Overnight port calls, onboard historians, and abundant off-season itineraries set Viking’s ocean cruises apart from the crowd.
Gaudí's eclectic buildings energize Barcelona. Modern Roman life encircles the ancient Colosseum. Greek temple ruins maintain their appeal centuries later. While calling on sights like these throughout the Mediterranean, Viking does ocean cruising differently.
“Viking is perfect for curious travelers who want to explore beyond the surface and are intrigued by the culture, history, and architecture of the Mediterranean,” says Virtuoso travel advisor Andre Xavier. Here’s how the line approaches the beloved region.
Spend an extra night in some familiar favorites.
Viking sailings slow down to savor the ocean-cruising experience, including popular ports. The line’s seven-night Barcelona-to-Rome itinerary (with 21 departures this year), for example, bookends cruising the Italian and French rivieras with two overnight stays – in Florence and Barcelona – while calling on Tuscany, jet-set favorite Monte-Carlo, and multicultural Marseille.
“The line couldn’t have picked better cities to linger in,” says Xavier. He recommends sampling Spanish tapas, such as grilled squid at Barcelona’s Bar Ramón, late into the evening or taking an afternoon passeggiata (stroll) along the Arno River in Florence, stopping at La Strega Nocciola for a scoop of gelato.
Travel advisors applaud the extra time in ports: “In Florence, you have to see David in the Accademia Gallery and visit the Uffizi Gallery, but you also get an extra day to spend in the Tuscan countryside drinking wine,” says Alexandra Khoshaba, a Virtuoso advisor. Cruisers can check out Michelangelo’s sculptural masterpiece and explore the Duomo, and then get some rest before sampling organic sangioveses while nibbling on bruschetta at the fifteenth-century Torre a Cenaia wine estate the next day. In Barcelona, those extra hours mean not having to choose between an architectural tour of Gaudí’s iconic La Sagrada Família cathedral or a market run with a Catalonian chef to select seasonal ingredients for dinner.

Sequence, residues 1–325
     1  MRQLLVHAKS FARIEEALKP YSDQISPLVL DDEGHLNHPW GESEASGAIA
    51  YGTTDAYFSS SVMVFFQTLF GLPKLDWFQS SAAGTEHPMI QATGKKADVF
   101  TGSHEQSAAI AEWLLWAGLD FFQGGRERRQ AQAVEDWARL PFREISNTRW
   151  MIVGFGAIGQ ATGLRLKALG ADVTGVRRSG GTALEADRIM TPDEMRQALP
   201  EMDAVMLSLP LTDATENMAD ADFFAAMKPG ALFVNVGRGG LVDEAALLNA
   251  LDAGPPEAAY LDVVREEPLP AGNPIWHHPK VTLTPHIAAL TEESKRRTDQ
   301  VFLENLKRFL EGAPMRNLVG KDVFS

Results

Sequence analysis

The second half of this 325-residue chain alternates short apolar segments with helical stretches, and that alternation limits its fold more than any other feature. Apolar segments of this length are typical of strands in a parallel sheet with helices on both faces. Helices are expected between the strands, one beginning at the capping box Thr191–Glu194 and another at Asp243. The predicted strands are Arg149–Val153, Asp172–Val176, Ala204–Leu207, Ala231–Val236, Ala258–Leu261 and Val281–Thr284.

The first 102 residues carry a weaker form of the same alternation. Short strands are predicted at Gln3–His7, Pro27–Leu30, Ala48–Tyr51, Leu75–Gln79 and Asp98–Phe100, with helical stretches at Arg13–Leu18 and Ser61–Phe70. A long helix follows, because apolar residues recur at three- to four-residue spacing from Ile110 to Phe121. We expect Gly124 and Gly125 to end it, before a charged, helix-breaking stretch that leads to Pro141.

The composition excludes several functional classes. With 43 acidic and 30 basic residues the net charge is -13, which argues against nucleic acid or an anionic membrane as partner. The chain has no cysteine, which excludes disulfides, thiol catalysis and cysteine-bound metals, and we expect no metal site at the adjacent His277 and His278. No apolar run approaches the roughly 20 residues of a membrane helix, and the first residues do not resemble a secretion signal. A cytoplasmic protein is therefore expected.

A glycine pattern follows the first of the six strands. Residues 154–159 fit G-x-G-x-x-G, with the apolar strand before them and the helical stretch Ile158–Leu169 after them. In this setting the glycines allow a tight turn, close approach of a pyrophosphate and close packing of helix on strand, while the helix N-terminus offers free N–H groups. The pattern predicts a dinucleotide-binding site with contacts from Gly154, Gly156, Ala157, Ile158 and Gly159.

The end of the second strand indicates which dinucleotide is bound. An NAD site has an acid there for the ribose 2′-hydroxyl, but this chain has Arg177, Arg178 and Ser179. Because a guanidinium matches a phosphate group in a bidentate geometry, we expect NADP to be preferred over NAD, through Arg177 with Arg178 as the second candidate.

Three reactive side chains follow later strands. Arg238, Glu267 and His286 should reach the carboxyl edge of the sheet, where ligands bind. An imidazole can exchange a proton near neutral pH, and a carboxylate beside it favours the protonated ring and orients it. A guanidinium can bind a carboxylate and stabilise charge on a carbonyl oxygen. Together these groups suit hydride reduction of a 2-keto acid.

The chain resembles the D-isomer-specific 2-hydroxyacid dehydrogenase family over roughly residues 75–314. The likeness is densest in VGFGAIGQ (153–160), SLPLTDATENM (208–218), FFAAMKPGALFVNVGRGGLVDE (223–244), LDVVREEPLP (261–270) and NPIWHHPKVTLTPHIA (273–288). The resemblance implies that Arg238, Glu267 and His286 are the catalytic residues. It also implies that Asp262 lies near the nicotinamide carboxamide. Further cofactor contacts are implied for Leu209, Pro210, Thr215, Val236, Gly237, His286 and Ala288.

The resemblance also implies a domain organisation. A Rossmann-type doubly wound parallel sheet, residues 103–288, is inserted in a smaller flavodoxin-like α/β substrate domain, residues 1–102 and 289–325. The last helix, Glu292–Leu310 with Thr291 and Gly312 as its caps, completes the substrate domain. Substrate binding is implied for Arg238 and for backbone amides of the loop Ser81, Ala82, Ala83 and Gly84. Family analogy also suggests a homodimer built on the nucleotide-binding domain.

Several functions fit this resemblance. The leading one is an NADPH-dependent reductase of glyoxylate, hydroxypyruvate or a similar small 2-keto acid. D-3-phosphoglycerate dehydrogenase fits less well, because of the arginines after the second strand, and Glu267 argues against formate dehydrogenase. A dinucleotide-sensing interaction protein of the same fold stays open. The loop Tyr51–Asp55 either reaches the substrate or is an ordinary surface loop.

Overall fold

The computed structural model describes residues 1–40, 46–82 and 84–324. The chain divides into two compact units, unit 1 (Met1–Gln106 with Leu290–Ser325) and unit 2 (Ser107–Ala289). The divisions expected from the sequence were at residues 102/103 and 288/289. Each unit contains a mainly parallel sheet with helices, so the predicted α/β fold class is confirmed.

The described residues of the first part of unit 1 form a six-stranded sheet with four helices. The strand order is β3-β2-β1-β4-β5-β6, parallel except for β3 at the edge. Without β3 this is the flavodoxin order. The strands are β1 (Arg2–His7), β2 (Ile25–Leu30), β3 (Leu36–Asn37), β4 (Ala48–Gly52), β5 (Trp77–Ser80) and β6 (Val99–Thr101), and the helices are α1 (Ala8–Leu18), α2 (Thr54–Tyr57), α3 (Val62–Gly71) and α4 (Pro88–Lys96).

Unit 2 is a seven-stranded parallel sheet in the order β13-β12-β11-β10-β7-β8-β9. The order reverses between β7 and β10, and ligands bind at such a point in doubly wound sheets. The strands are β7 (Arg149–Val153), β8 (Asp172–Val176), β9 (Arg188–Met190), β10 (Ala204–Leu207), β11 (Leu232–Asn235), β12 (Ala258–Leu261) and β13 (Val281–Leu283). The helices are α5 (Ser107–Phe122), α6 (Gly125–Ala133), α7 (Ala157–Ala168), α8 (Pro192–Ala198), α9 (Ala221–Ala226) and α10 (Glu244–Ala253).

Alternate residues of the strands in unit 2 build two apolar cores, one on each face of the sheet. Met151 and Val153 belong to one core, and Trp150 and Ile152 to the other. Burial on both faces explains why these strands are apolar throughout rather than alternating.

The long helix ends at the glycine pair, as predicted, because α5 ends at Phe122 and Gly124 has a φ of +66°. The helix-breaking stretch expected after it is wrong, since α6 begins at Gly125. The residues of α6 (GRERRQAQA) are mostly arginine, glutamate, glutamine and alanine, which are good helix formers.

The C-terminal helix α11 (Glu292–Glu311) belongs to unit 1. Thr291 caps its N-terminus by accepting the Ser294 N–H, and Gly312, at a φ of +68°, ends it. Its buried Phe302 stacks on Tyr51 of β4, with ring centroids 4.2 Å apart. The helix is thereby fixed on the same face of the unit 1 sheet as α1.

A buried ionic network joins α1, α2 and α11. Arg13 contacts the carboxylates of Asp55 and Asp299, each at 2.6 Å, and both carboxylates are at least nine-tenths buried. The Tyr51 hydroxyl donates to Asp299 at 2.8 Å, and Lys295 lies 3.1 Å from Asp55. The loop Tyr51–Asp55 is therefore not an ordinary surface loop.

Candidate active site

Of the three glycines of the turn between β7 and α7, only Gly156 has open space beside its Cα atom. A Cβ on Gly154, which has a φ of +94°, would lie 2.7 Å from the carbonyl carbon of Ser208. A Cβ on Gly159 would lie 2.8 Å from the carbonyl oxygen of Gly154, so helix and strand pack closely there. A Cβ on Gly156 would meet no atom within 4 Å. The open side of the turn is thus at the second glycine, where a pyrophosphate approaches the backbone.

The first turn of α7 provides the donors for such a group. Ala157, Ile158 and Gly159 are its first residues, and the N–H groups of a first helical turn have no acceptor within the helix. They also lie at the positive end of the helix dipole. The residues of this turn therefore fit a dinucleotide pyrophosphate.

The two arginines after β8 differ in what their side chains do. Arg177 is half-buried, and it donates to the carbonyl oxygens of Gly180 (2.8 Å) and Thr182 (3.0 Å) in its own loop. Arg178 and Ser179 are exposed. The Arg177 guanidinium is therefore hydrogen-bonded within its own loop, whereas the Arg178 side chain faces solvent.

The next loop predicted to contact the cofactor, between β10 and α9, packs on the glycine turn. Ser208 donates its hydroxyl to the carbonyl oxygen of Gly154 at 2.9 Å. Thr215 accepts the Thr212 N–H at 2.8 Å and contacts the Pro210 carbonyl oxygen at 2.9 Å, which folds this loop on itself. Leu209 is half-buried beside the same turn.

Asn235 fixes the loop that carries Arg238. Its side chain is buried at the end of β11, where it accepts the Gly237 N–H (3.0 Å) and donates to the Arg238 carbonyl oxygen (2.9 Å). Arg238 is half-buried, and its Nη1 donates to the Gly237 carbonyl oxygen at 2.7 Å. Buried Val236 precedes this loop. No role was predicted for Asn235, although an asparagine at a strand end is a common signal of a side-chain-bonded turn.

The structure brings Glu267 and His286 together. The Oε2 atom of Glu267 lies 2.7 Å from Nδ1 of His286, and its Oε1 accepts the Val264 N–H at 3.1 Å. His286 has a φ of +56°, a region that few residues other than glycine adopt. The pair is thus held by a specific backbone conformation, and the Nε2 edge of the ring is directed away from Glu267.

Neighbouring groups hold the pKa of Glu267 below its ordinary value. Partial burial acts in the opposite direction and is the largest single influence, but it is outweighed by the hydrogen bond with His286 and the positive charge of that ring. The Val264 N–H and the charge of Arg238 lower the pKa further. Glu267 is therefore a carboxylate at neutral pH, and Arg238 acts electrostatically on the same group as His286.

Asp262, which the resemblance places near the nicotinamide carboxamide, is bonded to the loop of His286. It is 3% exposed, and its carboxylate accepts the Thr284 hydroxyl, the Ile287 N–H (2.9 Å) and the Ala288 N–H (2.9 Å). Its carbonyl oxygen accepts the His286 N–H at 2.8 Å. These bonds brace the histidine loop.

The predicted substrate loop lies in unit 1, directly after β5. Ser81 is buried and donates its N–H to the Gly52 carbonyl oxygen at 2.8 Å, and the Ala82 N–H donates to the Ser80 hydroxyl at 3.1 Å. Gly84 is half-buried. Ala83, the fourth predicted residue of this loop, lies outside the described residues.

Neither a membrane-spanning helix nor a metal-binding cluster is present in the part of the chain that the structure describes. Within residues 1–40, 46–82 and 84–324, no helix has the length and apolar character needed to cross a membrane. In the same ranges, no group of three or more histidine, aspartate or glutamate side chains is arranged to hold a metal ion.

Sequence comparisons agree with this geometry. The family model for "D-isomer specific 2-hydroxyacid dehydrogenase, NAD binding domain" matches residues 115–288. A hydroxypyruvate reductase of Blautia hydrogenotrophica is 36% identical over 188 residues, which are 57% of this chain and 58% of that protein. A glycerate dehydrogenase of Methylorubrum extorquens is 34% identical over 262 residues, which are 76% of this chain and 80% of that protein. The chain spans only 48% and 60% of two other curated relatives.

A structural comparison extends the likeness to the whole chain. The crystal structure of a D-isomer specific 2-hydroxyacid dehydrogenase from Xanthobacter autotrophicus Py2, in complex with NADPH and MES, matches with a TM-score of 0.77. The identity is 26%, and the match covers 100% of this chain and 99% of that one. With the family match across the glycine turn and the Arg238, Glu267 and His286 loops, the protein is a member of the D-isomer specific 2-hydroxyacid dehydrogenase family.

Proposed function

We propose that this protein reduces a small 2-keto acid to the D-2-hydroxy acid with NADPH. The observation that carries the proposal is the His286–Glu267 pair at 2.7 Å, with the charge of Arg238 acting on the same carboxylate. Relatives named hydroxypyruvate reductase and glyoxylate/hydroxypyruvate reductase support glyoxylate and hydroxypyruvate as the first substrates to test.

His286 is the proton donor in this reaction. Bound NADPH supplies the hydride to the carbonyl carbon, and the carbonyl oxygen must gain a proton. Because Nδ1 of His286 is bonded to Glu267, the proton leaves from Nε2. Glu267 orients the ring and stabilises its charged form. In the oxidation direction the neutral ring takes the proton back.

Soak up all the archaeology.
Viking’s eastern Mediterranean sailings play up the line’s appeal to history buffs. An onboard historian adds context to excursions through the remains of ancient Roman, Greek, Ottoman, and Venetian empires during a seven-night Istanbul-to-Athens journey on the 930-passenger Viking Neptune or Viking Sky. Keep your camera handy to capture the storied city of Troy (the setting for the Greek myth of the Trojan War, featured in Homer’s Iliad) and the 25,000-person theater at Ephesus – both in present-day Turkey – and Crete’s Palace of Knossos, where garnet-hued columns tower over excavated foundations beside frescoes of blue dolphins and mythical griffins.
“You get to see ports you can’t access with a lot of larger cruise lines,” Khoshaba notes. “These are places that weren’t available five years ago. A new port, Troy, really builds on what you see at Ephesus, including the remains of the Temple of Artemis, which was one of the Seven Wonders of the Ancient World. It doesn’t get more historic than that.”
Overnight stays in Istanbul and Athens, included on each end of this itinerary, provide time to sweat it out in an authentic Turkish hammam inside a sixteenth-century spa near the Hagia Sophia and Blue Mosque. In Athens, travelers can hang around the Acropolis long enough to catch the Parthenon dramatically lit after sundown, then venture to the lively Plaka district’s cafés and tavernas for lamb kebabs and glasses of licorice-y ouzo – all without having to worry about getting back to the ship on time.
Skip the summer for quieter seasons.
When most cruise lines haul in their anchors and set sail for the Caribbean, Viking sticks around to offer more off-season sailings than many other lines. In the Med’s relatively mild seasons of fall, winter, and early spring, this brings more-unfettered access to the region’s crowd-drawing locales.
Anyone who has been to Santorini in recent years will appreciate the breathing room on a ten-night round-trip-from-Athens sailing in February, April, November, or December. The narrow streets of cliffside Oia lead to wine-making caves and tastings of mezedes (Greek tapas) such as stuffed grape leaves on a culinary tour through town. On the Peloponnese peninsula, travelers can race around a silent stadium at Nemea, one of four sites to host ancient Greece’s Panhellenic Games, before toasting to their group’s gold medalist with a glass of full-bodied, fruit-forward agiorgitiko red wine.
On Viking’s nine-night Venice-to-Athens voyages in October 2023 and February, March, and April 2024, cruisers find more space to walk atop the walls that encircle Dubrovnik, Croatia, overlooking the twelfth-century Old Town’s cobblestoned streets and stone houses. At Saint Mark’s Basilica in Venice, off-season visits mean fewer people jostling to admire the golden, medieval- to Renaissance-era mosaics.
Most of Viking’s quiet-season itineraries, including seven-night Rome-to-Athens sailings and 14-night voyages between Istanbul and Rome, stick to the Mediterranean’s sunniest climates for comfortable cruising, even in winter. Says Xavier: “The one thing you can’t control is the weather, but you can be strategic about where you go.”